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The Dull Men’s Club, which has included women since 2017, has more than 50,000 members, who are passionate about everyday mundane things, which others think are dull.

A TELEGRAPH POLE enthusiast, WET FLOOR sign fan and a WASHING MACHINE collector are among the “boring” men and women who appear in this year’s Dull Men’s Club calendar. A man who collects security envelopes, the owner of a classical gas museum and a man who spends up to 10 hours a day completing jigsaw puzzles have also made it into the world’s top dozen dull people. Leland Carlson, assistant vice-president of the Club, has published the calendar to celebrate the quirky passions of its members in Britain and America.

January’s entry is vintage washing machine restorer Lee Maxwell, who has more than 1,100 on display in his museum next to his home in Colorado. Lee has spent years travelling all over America, the UK and Australia hunting for vintage models, which he then painstakingly cleans and repairs to fully working order. The pensioner, who was awarded the Guinness World Record for the largest collection of antique washing machines in 2000, said: “I love all aspects of my hobby - hunting, restoring and demonstrating. The hunting is probably my favourite part. We’ve hunted all over the world and not only found washing machines, but also found some very grand people along the way.”

Mr February is Mark Routh, from Southend-on-Sea, who has a collection of more than one million postcards. Mark, who has been collecting for more than 50 years, stores his postcards in 150 shoe boxes, as well as albums in his home. “My father bought me my first postcard when I was eight. It depicted a New Forest pony. Little did he know then what this would lead to,” he said. Mark, who prefers buying postcards to taking photos, said his collecting gives him a reason to travel. He added: “Often my destinations are chosen based on cards I hope to buy when I get there. My wife Jo and I travel a lot. We did a tour across America in 2018 and filled an entire shoe box with postcards. The others on the tour watched it grow with amazement.” He said last year in Berlin he picked up 14 different postcards of the old Berlin Television Tower.

Another calendar entry is security envelope enthusiast James Folta, from New York City, who says he loves the different colours and motifs of the graphic patterns on the inside of the envelopes. His hobby started out as a desire to save paper but has now turned into a collection, which he keeps in a special folder. James, a writer and stand-up comedian, who now opens his envelopes very carefully, said: “I started to tear up my mail to use as scratch-paper. I'm an obsessive list-writer and it seemed better to make my lists on paper I would otherwise throw out. The process of eviscerating all that mail introduced me to the insides of security envelopes and their printed patterns.”

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April’s entry is puzzle man Chris Cole, from Devon, who has completed more than 7,000 jigsaws over the past 20 years. Chris, who spends up to 10 hours a day completing puzzles, said: “I've been doing it for so long I've completed the same puzzle design as many as ten times. I relish the really hard ones like ones with blue skies or thatched roofs. A very large, complicated puzzle can take over 20 hours. Sometimes I totally lose track of time and need to be reminded by my wife that it's bedtime.” Chris, who also completes puzzle for his local charity shop to see which pieces are missing, added: “It's so therapeutic. It teaches you to be patient. The fun is in the doing. You can really lose yourself in it.”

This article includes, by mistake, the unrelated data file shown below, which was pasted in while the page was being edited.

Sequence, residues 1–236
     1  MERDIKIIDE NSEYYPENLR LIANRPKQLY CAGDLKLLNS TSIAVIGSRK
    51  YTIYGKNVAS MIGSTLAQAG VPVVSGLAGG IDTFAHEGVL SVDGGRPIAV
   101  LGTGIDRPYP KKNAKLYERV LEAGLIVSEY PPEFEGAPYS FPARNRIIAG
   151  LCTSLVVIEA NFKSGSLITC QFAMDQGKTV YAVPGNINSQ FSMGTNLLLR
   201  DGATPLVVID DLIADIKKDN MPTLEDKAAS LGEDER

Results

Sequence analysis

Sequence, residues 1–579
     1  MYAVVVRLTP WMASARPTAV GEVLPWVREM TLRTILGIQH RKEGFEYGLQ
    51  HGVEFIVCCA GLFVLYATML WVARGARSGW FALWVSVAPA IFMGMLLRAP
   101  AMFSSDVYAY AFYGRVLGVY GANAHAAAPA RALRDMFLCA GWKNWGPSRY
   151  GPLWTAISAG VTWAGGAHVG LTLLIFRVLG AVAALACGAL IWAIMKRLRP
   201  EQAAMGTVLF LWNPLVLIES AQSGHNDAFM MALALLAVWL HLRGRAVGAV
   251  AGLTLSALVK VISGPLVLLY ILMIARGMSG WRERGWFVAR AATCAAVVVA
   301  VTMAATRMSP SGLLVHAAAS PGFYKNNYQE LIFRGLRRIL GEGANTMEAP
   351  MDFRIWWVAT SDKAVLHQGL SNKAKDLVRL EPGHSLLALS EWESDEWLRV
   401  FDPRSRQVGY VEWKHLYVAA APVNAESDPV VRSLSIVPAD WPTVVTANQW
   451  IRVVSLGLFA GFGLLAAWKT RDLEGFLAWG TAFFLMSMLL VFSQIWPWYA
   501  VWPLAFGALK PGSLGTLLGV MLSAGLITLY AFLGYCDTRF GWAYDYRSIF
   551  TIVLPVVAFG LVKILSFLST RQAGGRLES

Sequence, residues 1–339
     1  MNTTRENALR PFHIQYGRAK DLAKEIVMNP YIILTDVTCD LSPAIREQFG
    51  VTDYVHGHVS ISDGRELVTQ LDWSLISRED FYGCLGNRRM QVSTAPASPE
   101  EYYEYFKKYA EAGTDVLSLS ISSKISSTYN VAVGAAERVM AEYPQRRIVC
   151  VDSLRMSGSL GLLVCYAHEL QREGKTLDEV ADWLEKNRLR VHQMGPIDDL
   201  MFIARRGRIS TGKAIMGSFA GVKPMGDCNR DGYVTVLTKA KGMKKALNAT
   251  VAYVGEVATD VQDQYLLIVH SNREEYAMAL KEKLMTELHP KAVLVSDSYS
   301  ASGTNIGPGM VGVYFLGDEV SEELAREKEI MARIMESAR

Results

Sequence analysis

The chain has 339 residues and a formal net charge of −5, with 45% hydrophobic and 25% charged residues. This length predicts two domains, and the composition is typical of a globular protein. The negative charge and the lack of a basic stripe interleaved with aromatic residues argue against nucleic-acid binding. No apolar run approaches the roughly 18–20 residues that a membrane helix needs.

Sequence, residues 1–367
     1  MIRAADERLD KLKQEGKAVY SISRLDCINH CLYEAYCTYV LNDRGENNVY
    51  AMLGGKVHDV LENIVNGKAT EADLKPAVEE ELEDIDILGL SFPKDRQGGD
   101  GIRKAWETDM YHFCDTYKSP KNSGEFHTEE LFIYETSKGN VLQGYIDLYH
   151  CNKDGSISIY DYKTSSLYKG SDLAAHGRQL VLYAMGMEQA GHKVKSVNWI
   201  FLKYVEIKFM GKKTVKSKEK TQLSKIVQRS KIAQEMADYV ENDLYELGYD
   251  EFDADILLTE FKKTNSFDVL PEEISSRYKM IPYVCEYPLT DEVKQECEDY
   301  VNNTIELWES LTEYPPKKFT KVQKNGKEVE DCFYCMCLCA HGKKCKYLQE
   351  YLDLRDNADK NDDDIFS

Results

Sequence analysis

Johnnie Meier, from Embudo, New Mexico, has a classical gas pump museum and has been collecting road culture artifacts since 1987 and many art directors come to him for props for films, fashion shoots and commercials. He said: “I enjoy the restoration process — disassembling, sandblasting, banging out dents, filling holes, finding missing parts, and painting. When I’m restoring something, I don’t want it to end.”

Design student Elena Kamas, from Stanford University, who also appears in the calendar, has recently started taking pictures of wet floor signs pictograms and already has more than 150 photos. She also takes photos of her and her friends emulating the different falling positions on the signs. “I have to say I didn't pay them much attention at first, but then I realised that every wet floor sign in my dorm had a different pictogram,” said the 20-year-old.

The calendar also features Martin Evans, from West Wales, who is the founder of the Telegraph Pole Appreciation Society. Martin has been a fan of telegraph poles since he was a young boy and founded the society, which now has more than 1,000 members, in 1997. He said: “Some people appreciate the art of Turner or Constable. We appreciate the aesthetic beauty of the poles and their place in our landscape. “We don't care what the wires carry. They all carry electricity in some way, be it the sparky stuff which boils your kettle, or the thinner stuff with your voice in it when you're on the phone. It's their ubiquity, the shape and variety of the paraphernalia atop, and those curious markings and placards that adorn the pole itself that interest us.”

Other entries are cactus grower Steve Reszetniak, from Margate in Kent, who has more than 250 plants in his conservatory; and America’s timekeepers Demetrios Matsakis, from Washington DC and Judah Levine, from Colorado. Another entry, Ron Wallace, from Greene, Rhode Island in America, grows award-winning giant pumpkins and has the Guinness World Record for growing a pumpkin which weighs more than one tonne.

The Dull Men’s Club Calendar for 2021 costs £11 and is available to buy from Amazon.

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